For me, while I am deeply touched by Sagan’s spirituality, and am honored whenever I get to be in its presence – or in the presence of those of Kaku, Dawkins, Tyson – my own personal spiritual needs require more of a community aspect. I want to gather with “my people” whomever they may be, I want to “pray” with them, I want to share with my “congregation” our struggles to be better than we might otherwise be.
Perhaps if I was a scientist professionally, I would meet that need in my day to day work. Since I am not, I must find other ways.
Still, Sagan’s Spirituality is compelling, and when I hear scientists speak from the heart of their joy and reverence for the natural world and our yearning to understand it, I know that they have fulfilled their spiritual needs, just like Sagan did.
Part of this journey for me is finding the right concepts, the proper words to correctly zero in on what we are doing here. It’s all about achieving a certain amount of precision – because, I think, precision can be an integral component that leads to clarity, a clarity is (as always) the goal.
There are key concepts that if well-described and well-defined get us a long way down the road of finding our way. And there’s one cornerstone concept in particular that I have been having difficulty encapsulating in language.
Let’s go back for a moment. Let’s consider again the world of facts, the objective “it’s really real” world. That is the world that exists. We can reasonably debate about what the real, factual world contains, but the fact remains that there is a real factual world, and when we make factual statements, those statements are either correct and accurate representations of the factual truth, or they are inaccurate, incorrect, and basically wrong.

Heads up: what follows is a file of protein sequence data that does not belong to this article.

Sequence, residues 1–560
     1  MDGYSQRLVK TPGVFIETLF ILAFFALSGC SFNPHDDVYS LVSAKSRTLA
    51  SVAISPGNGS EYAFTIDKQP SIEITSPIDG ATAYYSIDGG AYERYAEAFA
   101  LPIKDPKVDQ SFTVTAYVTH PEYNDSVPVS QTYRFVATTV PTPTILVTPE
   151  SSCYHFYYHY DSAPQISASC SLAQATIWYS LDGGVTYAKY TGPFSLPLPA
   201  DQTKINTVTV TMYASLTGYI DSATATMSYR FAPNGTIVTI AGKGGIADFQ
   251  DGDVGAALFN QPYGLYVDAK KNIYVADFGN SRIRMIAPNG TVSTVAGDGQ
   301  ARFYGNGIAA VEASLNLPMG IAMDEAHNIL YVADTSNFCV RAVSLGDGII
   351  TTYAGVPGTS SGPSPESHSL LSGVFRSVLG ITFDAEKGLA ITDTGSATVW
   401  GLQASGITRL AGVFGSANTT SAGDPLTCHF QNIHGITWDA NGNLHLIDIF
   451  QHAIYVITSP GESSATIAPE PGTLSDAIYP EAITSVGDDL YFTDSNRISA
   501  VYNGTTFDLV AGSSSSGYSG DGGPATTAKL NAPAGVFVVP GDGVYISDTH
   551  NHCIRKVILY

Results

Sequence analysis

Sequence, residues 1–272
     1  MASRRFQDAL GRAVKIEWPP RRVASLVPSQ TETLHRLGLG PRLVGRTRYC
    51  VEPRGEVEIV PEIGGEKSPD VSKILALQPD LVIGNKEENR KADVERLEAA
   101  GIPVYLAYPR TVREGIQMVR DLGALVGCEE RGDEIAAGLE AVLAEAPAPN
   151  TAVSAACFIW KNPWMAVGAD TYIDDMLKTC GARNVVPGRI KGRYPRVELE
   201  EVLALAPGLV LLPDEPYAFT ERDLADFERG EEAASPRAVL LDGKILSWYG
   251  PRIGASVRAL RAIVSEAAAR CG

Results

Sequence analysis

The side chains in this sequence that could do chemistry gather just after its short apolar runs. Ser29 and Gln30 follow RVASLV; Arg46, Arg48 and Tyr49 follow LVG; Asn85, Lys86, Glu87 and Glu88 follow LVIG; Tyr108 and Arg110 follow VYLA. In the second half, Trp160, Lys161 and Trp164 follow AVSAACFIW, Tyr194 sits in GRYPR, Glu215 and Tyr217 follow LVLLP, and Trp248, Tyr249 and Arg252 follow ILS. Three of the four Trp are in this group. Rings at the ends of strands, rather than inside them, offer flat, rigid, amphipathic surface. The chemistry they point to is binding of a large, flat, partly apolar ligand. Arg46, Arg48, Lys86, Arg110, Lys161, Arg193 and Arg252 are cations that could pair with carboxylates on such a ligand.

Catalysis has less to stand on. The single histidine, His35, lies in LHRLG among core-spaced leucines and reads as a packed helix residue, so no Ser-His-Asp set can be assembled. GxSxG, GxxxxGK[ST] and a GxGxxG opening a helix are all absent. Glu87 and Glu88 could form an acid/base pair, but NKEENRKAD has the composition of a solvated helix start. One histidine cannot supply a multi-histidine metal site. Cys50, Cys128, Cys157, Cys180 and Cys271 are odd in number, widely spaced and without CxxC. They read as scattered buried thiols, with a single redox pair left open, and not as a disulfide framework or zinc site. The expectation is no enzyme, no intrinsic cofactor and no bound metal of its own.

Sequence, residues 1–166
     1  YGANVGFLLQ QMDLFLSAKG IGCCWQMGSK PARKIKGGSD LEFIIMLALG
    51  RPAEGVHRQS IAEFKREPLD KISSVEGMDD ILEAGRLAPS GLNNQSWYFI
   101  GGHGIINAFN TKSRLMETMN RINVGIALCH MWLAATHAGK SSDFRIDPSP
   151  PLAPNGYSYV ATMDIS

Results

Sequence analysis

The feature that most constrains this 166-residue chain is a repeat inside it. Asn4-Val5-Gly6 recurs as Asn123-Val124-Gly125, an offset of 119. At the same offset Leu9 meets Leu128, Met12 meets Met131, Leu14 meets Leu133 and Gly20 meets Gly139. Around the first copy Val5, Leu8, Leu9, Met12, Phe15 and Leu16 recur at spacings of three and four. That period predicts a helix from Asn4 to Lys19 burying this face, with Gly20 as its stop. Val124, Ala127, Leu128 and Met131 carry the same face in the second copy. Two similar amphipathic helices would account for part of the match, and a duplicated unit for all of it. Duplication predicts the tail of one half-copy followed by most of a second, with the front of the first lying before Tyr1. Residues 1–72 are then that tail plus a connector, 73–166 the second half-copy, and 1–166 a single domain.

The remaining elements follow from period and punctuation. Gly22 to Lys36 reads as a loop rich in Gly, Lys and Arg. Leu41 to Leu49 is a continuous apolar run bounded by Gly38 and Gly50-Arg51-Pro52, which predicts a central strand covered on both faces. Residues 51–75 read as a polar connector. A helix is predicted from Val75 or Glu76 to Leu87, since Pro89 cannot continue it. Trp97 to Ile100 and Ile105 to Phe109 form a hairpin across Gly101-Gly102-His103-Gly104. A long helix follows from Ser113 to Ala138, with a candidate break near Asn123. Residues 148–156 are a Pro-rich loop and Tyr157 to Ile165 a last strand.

Then there’s our subjective feelings of the world. A pencil is a pencil is a pencil, but showing a #2 yellow pencil to an academic star and to someone who flunked out may yield very different visceral reactions to the same fact. Put another way, the world of feelings is unique to everyone. And feelings are not bound by fact, though they are often influenced by them, of course. There’s nothing about a sunny day that mandates being happy, and a rainy day doesn’t require anybody to be bummed. Some folks in fact dislike sunny days and enjoy the rainy ones – and that’s fine.
Somewhere between fleeting and ephemeral feelings and solid, dependable facts lies a hazy middle ground. Sometimes we have feelings that seem more profound, more significant, or more compelling. Sometimes we have an experience that seems more than just ordinary, that seems especially fulfilling, deep, or engaging.
It is this extra aspect to an experience that I am calling resonance. When you are deeply moved by a film, you’re experiencing resonance. When a sermon seems to speak to your heart or soul, that’s resonance. When you look at your beloved and feel an undeniable transcendent love, that’s resonance too.
Plenty of experiences and feelings can be extraordinary without having resonance, however. You can feel a rush as your sports team wins without feeling any special meaning about it. You can have a scrumptious dinner without that experience touching you all that deeply. And you can be genuinely happy about a good day you are having without it being particularly profound. All these feelings are normal, day-by-day happenings.
But when a piece of you begins to think “this means something” or “this is important”, when you feel deeply, when you are consumed by the experience, even if only for a moment, that is resonance.
A phrase came to me, that itself exhibited resonance to me, causing a feeling of something worth noting: “The intersection of fact and feeling is meaning.”
Feeling is emotion, and facts are, well, facts. But where feelings become more than just emotion is where our facts gain context and dimension – where their meaning to us unfolds. And though plain facts are dry and mundane, where they begin to take on purpose and heft is where they speak to our hopes and needs.